Sundar Pichai Agrees With Sam Altman, Elon Musk: AI Is Too 'Important Not To Regulate Well'

Alphabet Inc. GOOG GOOGL CEO Sundar Pichai agrees with OpenAI co-founder and CEO Sam Altman and Elon Musk about developing policy frameworks for artificial intelligence regulations with the help of various stakeholders from governments, industry experts, and civil society. 

What Happened: In an article for Financial Times, Pichai discussed the importance of AI regulation and highlighted the need for balanced and responsible approaches to governing this transformative technology. 

The Google CEO acknowledged that AI is too significant to go unregulated. “I still believe AI is too important not to regulate and too important not to regulate well.” 

See Also: Disgruntled Google Employees Rain Down Memes To Mock CEO Sundar Pichai’s Enormous $226M Salary

In the article, Pichai emphasized the need for policy frameworks that anticipate potential harms while unlocking the benefits of AI. According to him, deep discussions between governments, industry experts, publishers, academia and civil society are necessary to develop appropriate frameworks.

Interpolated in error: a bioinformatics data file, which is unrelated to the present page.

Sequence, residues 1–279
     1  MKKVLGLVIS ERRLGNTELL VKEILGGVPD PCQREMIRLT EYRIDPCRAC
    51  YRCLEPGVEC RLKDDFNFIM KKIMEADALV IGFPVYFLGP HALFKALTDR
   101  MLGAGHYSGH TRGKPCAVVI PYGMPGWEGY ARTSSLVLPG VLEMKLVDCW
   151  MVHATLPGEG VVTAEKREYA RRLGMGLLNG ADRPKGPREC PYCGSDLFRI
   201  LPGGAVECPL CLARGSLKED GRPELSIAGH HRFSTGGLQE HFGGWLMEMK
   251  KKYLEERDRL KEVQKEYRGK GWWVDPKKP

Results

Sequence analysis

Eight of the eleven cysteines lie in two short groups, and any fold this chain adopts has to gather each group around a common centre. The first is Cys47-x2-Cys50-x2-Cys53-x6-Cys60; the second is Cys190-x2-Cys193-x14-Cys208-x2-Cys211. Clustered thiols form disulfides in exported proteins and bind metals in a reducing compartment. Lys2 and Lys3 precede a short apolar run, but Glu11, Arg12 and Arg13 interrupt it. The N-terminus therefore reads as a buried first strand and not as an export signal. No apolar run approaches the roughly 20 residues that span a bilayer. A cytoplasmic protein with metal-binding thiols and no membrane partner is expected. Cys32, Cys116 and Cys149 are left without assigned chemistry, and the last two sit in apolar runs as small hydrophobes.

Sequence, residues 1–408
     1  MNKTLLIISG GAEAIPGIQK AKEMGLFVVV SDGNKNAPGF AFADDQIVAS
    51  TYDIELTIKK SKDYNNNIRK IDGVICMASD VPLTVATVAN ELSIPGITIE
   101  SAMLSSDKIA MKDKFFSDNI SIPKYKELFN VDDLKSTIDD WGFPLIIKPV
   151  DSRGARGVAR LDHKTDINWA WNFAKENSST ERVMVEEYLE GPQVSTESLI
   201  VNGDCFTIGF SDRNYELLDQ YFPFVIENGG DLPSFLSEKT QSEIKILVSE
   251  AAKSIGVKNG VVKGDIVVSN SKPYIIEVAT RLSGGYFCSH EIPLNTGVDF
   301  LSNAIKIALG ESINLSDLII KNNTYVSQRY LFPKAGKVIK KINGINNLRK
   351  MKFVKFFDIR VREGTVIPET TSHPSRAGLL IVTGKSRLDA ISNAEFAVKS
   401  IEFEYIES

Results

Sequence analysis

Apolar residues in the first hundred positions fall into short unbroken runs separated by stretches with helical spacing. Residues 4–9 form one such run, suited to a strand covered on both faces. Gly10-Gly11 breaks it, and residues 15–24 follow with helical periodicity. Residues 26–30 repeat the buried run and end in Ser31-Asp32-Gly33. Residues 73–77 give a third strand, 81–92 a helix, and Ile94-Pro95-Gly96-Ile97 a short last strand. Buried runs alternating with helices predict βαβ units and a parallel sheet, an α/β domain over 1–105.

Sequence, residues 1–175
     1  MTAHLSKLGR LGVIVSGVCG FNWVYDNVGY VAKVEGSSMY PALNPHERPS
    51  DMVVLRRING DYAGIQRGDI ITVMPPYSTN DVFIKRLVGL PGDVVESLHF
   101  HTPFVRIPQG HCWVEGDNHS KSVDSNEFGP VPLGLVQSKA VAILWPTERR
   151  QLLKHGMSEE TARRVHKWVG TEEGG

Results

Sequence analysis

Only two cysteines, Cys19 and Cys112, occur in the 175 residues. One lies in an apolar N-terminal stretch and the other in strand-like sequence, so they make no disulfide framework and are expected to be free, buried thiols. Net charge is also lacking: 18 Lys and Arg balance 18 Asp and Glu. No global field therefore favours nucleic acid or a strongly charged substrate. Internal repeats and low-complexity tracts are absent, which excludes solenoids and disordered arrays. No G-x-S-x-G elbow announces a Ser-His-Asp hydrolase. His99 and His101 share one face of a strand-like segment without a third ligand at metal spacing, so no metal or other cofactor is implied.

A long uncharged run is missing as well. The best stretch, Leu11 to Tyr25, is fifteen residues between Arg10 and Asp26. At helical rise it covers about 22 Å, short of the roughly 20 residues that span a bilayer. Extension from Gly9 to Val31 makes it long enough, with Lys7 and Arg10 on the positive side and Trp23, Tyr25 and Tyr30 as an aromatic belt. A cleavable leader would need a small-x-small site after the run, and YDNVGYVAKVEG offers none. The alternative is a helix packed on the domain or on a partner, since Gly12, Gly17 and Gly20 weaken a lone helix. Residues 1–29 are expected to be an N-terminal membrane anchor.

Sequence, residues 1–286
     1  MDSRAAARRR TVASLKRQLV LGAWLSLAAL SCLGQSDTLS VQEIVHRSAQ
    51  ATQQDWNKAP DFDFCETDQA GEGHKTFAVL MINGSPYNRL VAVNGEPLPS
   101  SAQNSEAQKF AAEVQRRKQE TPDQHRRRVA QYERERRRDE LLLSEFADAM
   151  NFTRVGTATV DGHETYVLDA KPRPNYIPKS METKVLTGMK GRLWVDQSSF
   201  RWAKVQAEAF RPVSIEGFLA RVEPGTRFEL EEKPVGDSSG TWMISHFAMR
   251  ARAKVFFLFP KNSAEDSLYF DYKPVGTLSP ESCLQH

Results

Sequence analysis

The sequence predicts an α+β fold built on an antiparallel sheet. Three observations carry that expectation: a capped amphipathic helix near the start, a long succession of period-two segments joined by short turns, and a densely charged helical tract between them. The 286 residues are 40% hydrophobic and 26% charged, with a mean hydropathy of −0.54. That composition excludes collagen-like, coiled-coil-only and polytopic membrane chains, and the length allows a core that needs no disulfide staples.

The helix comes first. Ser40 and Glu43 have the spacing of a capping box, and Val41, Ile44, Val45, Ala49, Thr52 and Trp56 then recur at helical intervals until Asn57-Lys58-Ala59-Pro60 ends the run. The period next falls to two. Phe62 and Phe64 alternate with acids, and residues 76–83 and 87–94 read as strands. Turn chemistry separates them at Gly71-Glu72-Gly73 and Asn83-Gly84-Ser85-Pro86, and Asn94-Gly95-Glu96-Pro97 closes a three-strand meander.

Pichai also called for international cooperation between the U.S. and Europe to create robust and pre-innovation regulations based on shared values. 

Concluding his thoughts, the chief executive of Google acknowledged the prominence of AI in addressing global challenges like climate change but reiterated that there is still much work to be done to ensure the safe and responsible development of AI for the benefit of all. 

Why It’s Important: Previously, OpenAI’s Greg Brockman shared the company’s new approach to AI governance — one of which appears to be drawing inspiration from the collaborative nature of Wikipedia

“We’re not just sitting in Silicon Valley thinking we can write these rules for everyone,” he said at the time. “We’re starting to think about democratic decision-making.”

Last week, Altman testified before Congress and made some bold statements urging AI regulations. 

“I think if this technology goes wrong, it can go quite wrong. And we want to be vocal about that,” Altman said during the hearing. “We want to work with the government to prevent that from happening.”

Earlier, Musk also reiterated his statements about having an oversight community formed of independent parties and industry leaders during The Wall Street Journal’s CEO Council Summit. 

According to Musk, this committee should have insights about what companies working on AI developments are up to. 

In March earlier this year, more than 1000 tech experts, including Musk, Apple co-founder Steve WozniakSkype co-founder Jaan Tallinn and Pinterest co-founder Evan Sharp signed an “open letter” calling for an immediate pause in AI developments “more powerful” than OpenAI’s GPT-4, until safety protocols for such designs are created, executed and evaluated by independent experts.

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